Physical Sciences: Career and Education Opportunities in Chesapeake, Virginia
Physical Sciences: Physical Science professionals are working to answer the fundamental questions of how the world and everything beyond it works. Like all scientists, their job is to both communicate these answers to the rest of the world so they can be used to improve our lives and our interactions with the environment.
Chesapeake is located in Chesapeake City County, Virginia. It has a population of over 220,111, which has grown by 10.5% in the past ten years. The cost of living index in Chesapeake, 87, is well below the national average. New single-family homes in Chesapeake are priced at $160,000 on average, which is well above the state average. In 2008, five hundred eighty-nine new homes were constructed in Chesapeake, down from seven hundred fifty-eight the previous year.
The three most popular industries for women in Chesapeake are educational services, health care, and public administration. For men, it is construction, public administration, and transportation equipment. The average travel time to work is about 25 minutes. More than 24.7% of Chesapeake residents have a bachelor's degree, which is lower than the state average. The percentage of residents with a graduate degree, 8.8%, is lower than the state average.
The unemployment rate in Chesapeake is 6.1%, which is less than Virginia's average of 6.4%.
Pleasant Grove Church, Refuge Mission Church and Saint Andrews Church are among the churches located in Chesapeake.
Chesapeake is home to the Jacks Camp and the Portlock Yard as well as Cascade Park and Ford Park. Shopping malls in the area include Great Bridge Shopping Center, Greenbrier Mall Shopping Center and Poplar Hill Plaza Shopping Center. Visitors to Chesapeake can choose from Courtyard By Marriott, Chesapeake Travelodge Motel and Comfort Inn Bowers Hill for temporary stays in the area.
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CAREERS WITHIN: Physical Sciences
Astronomers observe, research, and interpret celestial and astronomical phenomena to increase basic knowledge and apply such information to practical problems. Astronomers need to understand and use core scientific concepts. They also need to think through complex problems and develop a critical analysis of the situation and possible solutions.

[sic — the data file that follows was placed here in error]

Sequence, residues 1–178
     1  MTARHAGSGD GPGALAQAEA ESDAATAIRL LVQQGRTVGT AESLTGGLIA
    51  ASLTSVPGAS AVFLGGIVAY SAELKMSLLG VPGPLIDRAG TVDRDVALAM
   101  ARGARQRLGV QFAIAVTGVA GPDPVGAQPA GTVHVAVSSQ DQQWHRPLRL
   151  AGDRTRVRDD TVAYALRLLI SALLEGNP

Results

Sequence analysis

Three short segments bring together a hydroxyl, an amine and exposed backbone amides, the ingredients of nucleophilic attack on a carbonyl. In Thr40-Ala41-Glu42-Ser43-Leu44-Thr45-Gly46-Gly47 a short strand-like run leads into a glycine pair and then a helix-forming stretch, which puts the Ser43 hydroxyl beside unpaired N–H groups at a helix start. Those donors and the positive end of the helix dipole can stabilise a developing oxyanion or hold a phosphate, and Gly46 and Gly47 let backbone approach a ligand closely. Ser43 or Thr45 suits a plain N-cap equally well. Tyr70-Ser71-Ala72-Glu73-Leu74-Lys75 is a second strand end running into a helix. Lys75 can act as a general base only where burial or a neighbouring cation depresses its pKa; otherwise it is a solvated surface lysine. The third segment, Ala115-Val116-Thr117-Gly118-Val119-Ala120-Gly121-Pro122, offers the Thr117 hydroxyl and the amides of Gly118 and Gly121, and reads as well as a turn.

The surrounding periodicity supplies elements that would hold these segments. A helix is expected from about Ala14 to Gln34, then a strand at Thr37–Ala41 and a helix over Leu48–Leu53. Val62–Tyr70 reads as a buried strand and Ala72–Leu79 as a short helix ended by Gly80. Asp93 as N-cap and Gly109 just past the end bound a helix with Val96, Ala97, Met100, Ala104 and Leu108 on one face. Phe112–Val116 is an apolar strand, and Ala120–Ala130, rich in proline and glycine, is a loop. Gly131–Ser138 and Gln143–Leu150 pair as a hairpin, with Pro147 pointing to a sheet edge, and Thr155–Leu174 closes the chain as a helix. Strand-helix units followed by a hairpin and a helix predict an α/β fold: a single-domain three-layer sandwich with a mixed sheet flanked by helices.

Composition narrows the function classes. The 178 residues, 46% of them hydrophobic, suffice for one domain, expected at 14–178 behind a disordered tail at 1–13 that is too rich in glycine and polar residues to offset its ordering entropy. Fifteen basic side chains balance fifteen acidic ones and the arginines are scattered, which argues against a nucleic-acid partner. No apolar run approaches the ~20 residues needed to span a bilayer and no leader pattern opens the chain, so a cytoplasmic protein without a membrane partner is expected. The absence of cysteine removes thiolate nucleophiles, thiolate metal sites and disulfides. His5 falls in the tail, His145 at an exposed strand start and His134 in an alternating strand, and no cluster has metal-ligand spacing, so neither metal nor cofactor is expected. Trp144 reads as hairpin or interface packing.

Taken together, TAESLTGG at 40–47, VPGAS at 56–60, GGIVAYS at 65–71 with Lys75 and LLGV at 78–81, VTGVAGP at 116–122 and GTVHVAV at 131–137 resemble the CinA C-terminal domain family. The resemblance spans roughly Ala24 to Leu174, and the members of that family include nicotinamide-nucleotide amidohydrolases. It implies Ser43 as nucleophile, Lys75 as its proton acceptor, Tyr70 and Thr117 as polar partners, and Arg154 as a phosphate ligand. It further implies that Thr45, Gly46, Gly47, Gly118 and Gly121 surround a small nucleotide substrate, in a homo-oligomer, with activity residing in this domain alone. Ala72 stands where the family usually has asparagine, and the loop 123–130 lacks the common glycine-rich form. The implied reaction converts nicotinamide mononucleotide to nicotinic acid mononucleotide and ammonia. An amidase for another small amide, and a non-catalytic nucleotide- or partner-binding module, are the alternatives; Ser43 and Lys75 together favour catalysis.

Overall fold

Atmospheric Scientists investigate atmospheric phenomena and interpret meteorological data gathered by surface and air stations, satellites, and radar to prepare reports and forecasts for public and other uses. Atmospheric Scientists need to evaluate and judge the efficacy of solutions. They also need to actively seek out need information and learn from it.
Chemists conduct qualitative and quantitative chemical analyses or chemical experiments in laboratories for quality or process control or to develop new products or knowledge. Chemists need to read and understand what has been read. They also need to understand and use core scientific concepts.
Environmental Health and Safety Specialists conduct research or perform investigation for the purpose of identifying, abating, or eliminating sources of pollutants or hazards that affect either the environment or the health of the population. Environmental Health and Safety Specialists need to read and understand what has been read. They also need to write well.
Geological Specialists study the composition, structure, and other physical aspects of the earth. Geological Specialists need to read and understand what has been read. They also need to read and understand what has been read.
Hydrologists research the distribution, circulation, and physical properties of underground and surface waters; study the form and intensity of precipitation, its rate of infiltration into the soil, movement through the earth, and its return to the ocean and atmosphere. Hydrologists need to read and understand what has been read. They also need to use core mathematical skills in problem solving.